Adaptive Facilitation

Schools of Public Engagement: Milano General Curriculum

Liberal Arts

Undergraduate Course

Graduate Course

Degree Students

Adaptive Facilitation

Fall 2021

Taught By: Eric Martin

Section: A

CRN: 11218

Credits: 3

The need for effective facilitation is increasing as our global community and organizational challenges get more complex, less certain and simply harder to manage. “Facilitation” in these contexts often extends beyond simple meeting facilitation to holding—and even leading—competing stakeholders through a process of creative disequilibrium. Therefore, for the facilitator, as for a leadership practitioner, a guiding question is how do I prepare people to tolerate the pressures, heat and ambiguity that develops as we work toward resolving tough and seemingly intractable challenges. Adaptive Facilitation builds this critical capacity by shifting the classroom to become a space to practice facilitation rather than to simply study it. The cornerstone of Adaptive Facilitation is a belief that, to facilitate well, the facilitator needs to internalize the very capacities that they seek to create in the individuals and teams they’re facilitating: managing self and role, understanding their relationship to authority, surfacing factions, managing frustration and discomfort in the face of intractable challenges, navigating disappointment and orchestrating productive conflict. To do that, facilitators must develop a keen eye for seeing the system as it reveals itself, generating multiple interpretations of the “data” in the room, and then crafting exercise, activities and interventions that help people engage more purposefully. Adaptive Facilitation builds on and extends the leadership development framework and methodology of Adaptive Leadership, which was developed by Ron Heifetz and his Harvard Kennedy School colleagues over the past thirty-five years. It provides a framework, shared language and set of tools and techniques for leading individuals and teams through challenging and uncertain environments. Specific, practical skills the student can expect to learn include: 1. Reading dynamic situations and designing interventions in the moment, 2. Making hidden issues, assumptions and interpretations transparent and testable, 3. Depersonalizing conflict, 4. Directing attention to systemic, rather than personal, interpretations, 5. Resisting the urge to provide premature closure to conversations, 6. Holding steady when participants express discomfort or hostility, 7. Making conscious choices about which lines of inquiry to pursue and which to let pass, 8. Refashioning participants' expectations that they can rely on the facilitator for answers.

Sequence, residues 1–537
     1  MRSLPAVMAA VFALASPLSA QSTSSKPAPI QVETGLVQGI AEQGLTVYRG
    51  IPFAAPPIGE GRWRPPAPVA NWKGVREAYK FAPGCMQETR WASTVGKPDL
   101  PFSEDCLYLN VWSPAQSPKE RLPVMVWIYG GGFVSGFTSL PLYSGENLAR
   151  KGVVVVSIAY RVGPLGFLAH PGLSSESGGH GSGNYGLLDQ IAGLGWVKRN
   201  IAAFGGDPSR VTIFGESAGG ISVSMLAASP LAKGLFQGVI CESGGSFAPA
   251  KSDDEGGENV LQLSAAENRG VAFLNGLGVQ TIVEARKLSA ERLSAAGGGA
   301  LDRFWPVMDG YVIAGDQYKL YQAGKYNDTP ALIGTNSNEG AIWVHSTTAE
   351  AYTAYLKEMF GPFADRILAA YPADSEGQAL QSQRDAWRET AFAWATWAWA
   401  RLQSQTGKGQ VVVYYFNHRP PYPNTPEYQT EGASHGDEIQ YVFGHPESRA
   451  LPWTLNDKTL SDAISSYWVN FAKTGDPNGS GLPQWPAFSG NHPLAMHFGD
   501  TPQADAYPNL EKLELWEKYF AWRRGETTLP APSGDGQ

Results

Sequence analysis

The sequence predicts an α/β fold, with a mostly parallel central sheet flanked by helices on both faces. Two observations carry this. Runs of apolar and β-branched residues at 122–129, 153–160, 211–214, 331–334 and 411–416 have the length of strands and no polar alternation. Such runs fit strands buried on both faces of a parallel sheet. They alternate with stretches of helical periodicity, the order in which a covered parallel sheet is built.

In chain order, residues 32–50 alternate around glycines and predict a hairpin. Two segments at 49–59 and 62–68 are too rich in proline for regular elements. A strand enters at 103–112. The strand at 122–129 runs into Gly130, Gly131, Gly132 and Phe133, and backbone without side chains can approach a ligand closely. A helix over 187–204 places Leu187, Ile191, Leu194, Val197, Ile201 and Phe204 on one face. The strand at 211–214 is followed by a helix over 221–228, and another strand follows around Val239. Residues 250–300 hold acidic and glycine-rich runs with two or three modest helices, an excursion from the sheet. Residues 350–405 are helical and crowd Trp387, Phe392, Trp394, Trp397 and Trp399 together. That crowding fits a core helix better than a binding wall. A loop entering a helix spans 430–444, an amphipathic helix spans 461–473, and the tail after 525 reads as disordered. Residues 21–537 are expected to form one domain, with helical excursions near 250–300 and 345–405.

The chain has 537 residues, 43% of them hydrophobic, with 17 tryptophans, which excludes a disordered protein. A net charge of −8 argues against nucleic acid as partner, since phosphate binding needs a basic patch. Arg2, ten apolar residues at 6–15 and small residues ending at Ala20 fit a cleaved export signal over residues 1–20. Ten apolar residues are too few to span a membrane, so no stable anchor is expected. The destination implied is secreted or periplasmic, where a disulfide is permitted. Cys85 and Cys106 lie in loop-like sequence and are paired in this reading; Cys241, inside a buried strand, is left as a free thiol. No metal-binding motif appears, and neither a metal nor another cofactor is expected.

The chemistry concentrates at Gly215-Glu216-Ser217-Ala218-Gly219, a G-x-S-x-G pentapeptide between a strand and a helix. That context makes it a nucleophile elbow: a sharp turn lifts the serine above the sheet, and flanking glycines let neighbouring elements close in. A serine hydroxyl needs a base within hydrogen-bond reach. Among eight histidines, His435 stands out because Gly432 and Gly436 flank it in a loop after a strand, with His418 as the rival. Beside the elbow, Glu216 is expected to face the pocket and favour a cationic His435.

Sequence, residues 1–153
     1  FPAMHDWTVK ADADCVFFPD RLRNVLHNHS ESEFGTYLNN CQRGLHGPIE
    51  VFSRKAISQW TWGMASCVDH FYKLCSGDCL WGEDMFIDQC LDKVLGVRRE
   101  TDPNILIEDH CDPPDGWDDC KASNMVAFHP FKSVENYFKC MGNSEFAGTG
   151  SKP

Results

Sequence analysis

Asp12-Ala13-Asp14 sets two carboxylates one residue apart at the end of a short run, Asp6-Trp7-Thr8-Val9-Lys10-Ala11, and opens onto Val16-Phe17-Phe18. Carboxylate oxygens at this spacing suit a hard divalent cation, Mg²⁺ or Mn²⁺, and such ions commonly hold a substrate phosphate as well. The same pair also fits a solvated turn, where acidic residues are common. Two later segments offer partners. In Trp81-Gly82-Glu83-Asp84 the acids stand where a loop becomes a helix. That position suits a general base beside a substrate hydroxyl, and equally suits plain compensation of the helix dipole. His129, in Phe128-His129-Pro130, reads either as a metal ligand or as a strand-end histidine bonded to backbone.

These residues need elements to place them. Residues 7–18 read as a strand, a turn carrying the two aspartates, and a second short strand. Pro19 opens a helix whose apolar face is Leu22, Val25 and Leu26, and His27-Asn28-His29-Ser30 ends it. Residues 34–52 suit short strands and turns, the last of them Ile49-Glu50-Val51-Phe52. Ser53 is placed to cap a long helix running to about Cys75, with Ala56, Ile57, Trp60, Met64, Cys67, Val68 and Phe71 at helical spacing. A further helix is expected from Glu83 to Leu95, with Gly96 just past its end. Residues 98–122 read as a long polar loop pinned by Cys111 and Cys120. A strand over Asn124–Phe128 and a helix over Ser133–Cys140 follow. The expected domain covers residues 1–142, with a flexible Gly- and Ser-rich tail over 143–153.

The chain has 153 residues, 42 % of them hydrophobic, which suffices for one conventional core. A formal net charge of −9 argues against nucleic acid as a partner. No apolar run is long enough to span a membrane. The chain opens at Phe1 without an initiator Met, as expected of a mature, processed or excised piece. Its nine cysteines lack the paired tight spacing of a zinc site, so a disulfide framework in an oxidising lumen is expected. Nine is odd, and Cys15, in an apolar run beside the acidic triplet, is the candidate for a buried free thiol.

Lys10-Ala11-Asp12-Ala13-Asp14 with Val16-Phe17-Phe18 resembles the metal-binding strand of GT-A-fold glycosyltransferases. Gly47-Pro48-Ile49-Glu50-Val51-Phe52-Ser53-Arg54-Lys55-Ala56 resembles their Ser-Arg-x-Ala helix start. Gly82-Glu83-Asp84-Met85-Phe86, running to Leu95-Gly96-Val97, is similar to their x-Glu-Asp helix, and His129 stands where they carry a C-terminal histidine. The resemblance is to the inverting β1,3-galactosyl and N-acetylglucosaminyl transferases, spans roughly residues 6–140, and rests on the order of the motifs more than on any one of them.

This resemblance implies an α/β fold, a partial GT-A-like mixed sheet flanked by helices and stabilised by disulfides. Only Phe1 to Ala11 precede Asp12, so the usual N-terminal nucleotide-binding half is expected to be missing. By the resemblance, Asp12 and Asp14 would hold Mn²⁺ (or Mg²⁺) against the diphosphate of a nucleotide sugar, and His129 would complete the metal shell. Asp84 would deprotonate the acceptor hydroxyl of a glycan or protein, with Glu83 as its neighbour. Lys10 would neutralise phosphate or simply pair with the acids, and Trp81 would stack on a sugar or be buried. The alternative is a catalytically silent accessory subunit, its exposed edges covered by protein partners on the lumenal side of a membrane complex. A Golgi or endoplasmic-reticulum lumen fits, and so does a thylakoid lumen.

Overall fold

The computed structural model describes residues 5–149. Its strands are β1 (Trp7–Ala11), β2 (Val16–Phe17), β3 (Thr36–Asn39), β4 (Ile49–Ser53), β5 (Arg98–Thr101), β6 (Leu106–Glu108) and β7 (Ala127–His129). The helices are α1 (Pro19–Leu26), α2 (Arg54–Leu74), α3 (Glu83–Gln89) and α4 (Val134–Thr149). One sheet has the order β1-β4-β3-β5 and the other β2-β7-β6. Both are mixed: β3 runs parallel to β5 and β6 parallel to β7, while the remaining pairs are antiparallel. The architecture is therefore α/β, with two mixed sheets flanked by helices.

College: Schools of Public Engagement (NS)

Department: Milano General Curriculum (NMIL)

Campus: New York City (GV)

Course Format: Seminar (R)

Max Enrollment: 15

Add/Drop Deadline: October 28, 2021 (Thursday)

Online Withdrawal Deadline: December 5, 2021 (Sunday)

Seats Available: Yes

Status: Closed*

* Status information is updated every five minutes. The status of this course may have changed since the last update. Open seats may have restrictions that will prevent some students from registering. Updated: 8:58pm 12/8/2021 EST

Meeting Info:

Building: Online Course

Room: 999

Date Range: 10/25/2021 - 12/17/2021

Days: Friday, Saturday

Times: 10:00am - 5:00pm

Building: Online Course

Room: 999

Date Range: 12/10/2021 - 12/11/2021

Days: Sunday

Times: 10:00am - 1:00pm

Building: Online Course

Room: 999

Date Range: 12/12/2021 - 12/12/2021